Farman shrugs when confronted with the gap between what he knew and what he told police, saying that his memory from that week 18 months ago is "understandably a bit cloudy." He denies trying to impede or contain the investigation.
At the time, however, he acted decisively to quell rumors that were spreading about the alleged molestations. Although it must have been apparent to Farman during his June 9 conversation with Martin that a police investigation was ongoing, Farman on June 15 sent a note to parents of PDSD students--a terse, two-paragraph memo--that effectively pronounced the case closed.
"Shortly before school closed for the summer break," Farman wrote, "we learned of an incident that occurred on the school bus that your child rides each day between home and school. That situation was handled and the older boy who was accused by the younger student was removed from that bus.
"We have no confirmed reports of other incidents occurring and have received no complaints from other children on the bus."
Becky's father says the memo was his first inkling that something was wrong at PDSD. But he had no idea that his own daughter was involved.
"All we got was this vague memo about an 'incident,'" the father says. Neither Farman nor anyone from the school ever notified him of the ongoing investigation against David, or that his 7-year-old was a possible victim. He didn't learn that until Marci Johnson took it upon herself to contact him.
"The school had a moral and ethical responsibility to let these parents know what had happened and get these kids counseling," Marci says. "When they wouldn't call them, I did."
Farman's unwillingness to alert the police or parents and his evasiveness with investigators could be interpreted as standard-issue fanny-covering, prompted by an all-consuming desire to protect his institution from receiving a black eye.
Nichols, the HEARS leader, insists that such an approach is typical of the school's administration. "Whenever anything comes up, from a hangnail to a molestation, their approach is to deny it first and investigate it later, if at all," she says.
Chuck Johnson, a former member of the PDSD advisory board--a group of administrators, teachers and parents who counsel the school on policy issues--says there may have been an urgent financial component to Farman's inertia, as well.
During the summer of 1992, the school was fighting for its budgetary life against Project SLIM, Governor Fife Symington's cost-cutting juggernaut. "There was really a lot of pressure on the school," Chuck says. "To succeed in the funding game, it may have been thought that the molestation should be kept as quiet as possible in order to protect the school's image."
That image had already taken its share of hits. An independent audit of PDSD, commissioned by the state legislature in 1991, blasted the school for top-heavy bureaucracy, sloppy accounting and free-spending ways--including an incident where then-superintendent Barry Griffing allegedly misused more than $54,000 in travel funds. Griffing was forced to resign. (The superintendent's post was vacant when Michael Johnson's molestation allegations surfaced, and it remained vacant until September 1992.)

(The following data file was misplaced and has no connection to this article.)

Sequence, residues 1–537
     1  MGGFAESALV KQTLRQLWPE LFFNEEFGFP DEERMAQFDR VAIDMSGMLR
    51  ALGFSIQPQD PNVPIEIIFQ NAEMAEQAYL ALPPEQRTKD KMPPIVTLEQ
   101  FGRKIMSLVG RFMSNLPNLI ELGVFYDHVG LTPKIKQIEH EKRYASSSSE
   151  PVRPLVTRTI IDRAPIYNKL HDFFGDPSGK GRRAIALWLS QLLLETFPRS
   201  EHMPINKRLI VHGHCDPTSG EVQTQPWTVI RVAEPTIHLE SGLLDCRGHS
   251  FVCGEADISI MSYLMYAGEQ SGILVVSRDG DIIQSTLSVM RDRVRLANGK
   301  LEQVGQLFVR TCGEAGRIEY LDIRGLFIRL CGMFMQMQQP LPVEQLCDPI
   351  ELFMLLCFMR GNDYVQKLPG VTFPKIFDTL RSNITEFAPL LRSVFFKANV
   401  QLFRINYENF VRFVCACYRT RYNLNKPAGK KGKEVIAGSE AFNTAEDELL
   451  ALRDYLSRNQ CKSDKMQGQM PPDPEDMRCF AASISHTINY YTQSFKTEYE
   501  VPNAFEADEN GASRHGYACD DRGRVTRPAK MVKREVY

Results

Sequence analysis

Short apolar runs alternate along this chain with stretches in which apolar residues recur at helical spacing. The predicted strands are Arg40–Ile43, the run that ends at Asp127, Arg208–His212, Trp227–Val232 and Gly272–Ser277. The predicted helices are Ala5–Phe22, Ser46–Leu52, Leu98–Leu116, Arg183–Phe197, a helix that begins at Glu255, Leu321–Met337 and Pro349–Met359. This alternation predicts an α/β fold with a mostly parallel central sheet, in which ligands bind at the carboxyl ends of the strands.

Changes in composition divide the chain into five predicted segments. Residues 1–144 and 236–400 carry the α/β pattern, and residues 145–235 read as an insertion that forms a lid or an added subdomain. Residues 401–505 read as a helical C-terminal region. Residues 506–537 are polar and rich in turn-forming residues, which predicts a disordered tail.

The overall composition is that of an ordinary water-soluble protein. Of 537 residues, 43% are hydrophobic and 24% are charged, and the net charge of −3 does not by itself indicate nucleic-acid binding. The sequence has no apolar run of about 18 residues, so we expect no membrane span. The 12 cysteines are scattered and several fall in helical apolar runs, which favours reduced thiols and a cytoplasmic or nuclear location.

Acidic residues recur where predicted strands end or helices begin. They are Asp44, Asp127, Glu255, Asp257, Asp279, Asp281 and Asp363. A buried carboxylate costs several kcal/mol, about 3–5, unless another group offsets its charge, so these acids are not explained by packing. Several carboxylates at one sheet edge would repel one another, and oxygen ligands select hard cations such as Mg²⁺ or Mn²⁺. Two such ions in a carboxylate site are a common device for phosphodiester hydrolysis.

In the wake of the audit, "a molestation report on the nightly news was the last thing the school wanted," Chuck says.
Farman angrily denies that fears of a budget-busting scandal played any part in his decision to leave parents and police in the dark.
"I just felt," Farman reiterates, "that it wasn't my place to make the call [to police]."
Whatever the reason behind Farman's behavior, the Johnsons soon despaired of getting any cooperation from PDSD.
"I felt let down by the school," Marci says, "but I felt sure that the police would get something done."
As it turned out, the Johnsons would be disappointed once again.
@body:Two days after Michael told his mother about the incidents with David, Marci phoned the Phoenix Police Department, which immediately dispatched an officer to the family's home. It was May 29.
The officer took down some basic information and promised detectives would soon be on the case. But it was 11 days later, June 9, that Detective John Martin telephoned PDSD to talk with Farman--the conversation during which the principal told the detective about David's confession.
After obtaining that startling bit of information, Marci Johnson was confident Martin would move quickly to interview her son, the girls whom he said had been attacked, and David. Instead, the investigation seemed to grind to a halt almost before it began.
Martin waited more than a month, until July 16, to interview Michael, who clearly and calmly recited his story. The same day, Martin talked to Becky, who told the officer that on at least four occasions, someone on the bus had removed her pants and touched her on the vagina and breasts. The 7-year-old girl was embarrassed and squeamish, but when the detective asked her who had touched her, she quickly replied, "David." The other girl, 10-year-old Julie, was unwilling to talk about the molestations, but did tell Martin that David had hit her during a bus ride.
During the same period, Martin interviewed David's private therapist, who had been seeing the young man to counsel him about the molestation accusations. After obtaining a waiver of confidentiality from David's family, the therapist told the detective that David had confessed to "touching" Michael and Becky, and referred to his patient as "socially inept."